Executive Intelligence Review


China and Japan Open New Era of Cooperation in New Silk Road Spirit

May 11, 2018 (EIRNS)—China’s Prime Minister Li Keqiang has stayed in Japan following the China-Japan-South Korean Summit, holding extremely productive meetings aimed at firmly establishing a new era of cooperation in global development.

Li attended a ceremony commemorating the 40th anniversary of the signing of the China-Japan Peace and Friendship Treaty, and also a meeting of former politicians who were involved in putting that treaty together. Speaking there, Li emphasized that the two countries must take “new steps” to move forward in their ties, not only to bolster the confidence of their own people, but that of the international community as well.

Host Prime Minister Shinzo Abe welcomed Li’s remarks, emphasizing that both nations can now take on more responsibility in resolving regional issues, such as jointly promoting infrastructure development in Asia, and by setting up a cross-departmental committee. China and Japan, he said, have now entered into an “era of coordination,” rather than competition.

In commenting on the visit, Global Times recommends steps that can be taken to further enhance relations, but specifically urges China and Japan “to abandon a traditional geopolitical way of thinking and jointly explore paths to mutual benefit.” Xinhua also referred to the cross-department mechanism for promoting third-party market cooperation under the framework of the China-Japan high-level economic dialogue, and to organize a forum on the third-party market cooperation.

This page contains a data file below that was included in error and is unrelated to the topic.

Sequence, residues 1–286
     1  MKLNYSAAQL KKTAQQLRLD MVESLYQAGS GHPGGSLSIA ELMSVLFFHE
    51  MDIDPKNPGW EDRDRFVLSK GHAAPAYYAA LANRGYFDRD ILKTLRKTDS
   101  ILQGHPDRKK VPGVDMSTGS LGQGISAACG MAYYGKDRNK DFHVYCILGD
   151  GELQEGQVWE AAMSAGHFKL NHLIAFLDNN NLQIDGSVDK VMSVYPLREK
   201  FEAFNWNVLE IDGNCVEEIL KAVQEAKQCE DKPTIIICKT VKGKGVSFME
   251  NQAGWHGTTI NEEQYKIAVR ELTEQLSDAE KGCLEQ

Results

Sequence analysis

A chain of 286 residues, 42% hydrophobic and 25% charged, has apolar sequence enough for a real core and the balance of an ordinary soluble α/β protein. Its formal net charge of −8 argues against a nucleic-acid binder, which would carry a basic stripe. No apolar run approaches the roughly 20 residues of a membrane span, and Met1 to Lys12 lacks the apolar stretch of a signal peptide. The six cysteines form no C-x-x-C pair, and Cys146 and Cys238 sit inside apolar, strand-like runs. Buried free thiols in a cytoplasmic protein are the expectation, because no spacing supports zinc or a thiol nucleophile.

The head of Japan Business Federation, Sadayuki Sakakibara, long known as “Mr. Yen,” attended the reception, saying he looked forward to further high-level bilateral meetings, pointing out that both nations’ business sectors can collaborate, especially within the framework of the Belt and Road.

This morning, when visiting a factory of Japanese carmaker Toyota in Hokkaido, Li called for deepening bilateral cooperation on joint R&D and innovation so as to produce competitive high-tech goods that meet the demands of Chinese and Japanese markets and also third-party markets. China also agreed to grant Japan RMB Qualified Foreign Institutional Investors (RQFII) a quota of 200 billion yuan (about $31.36 billion), allowing Japanese to invest in Chinese stock and bond markets.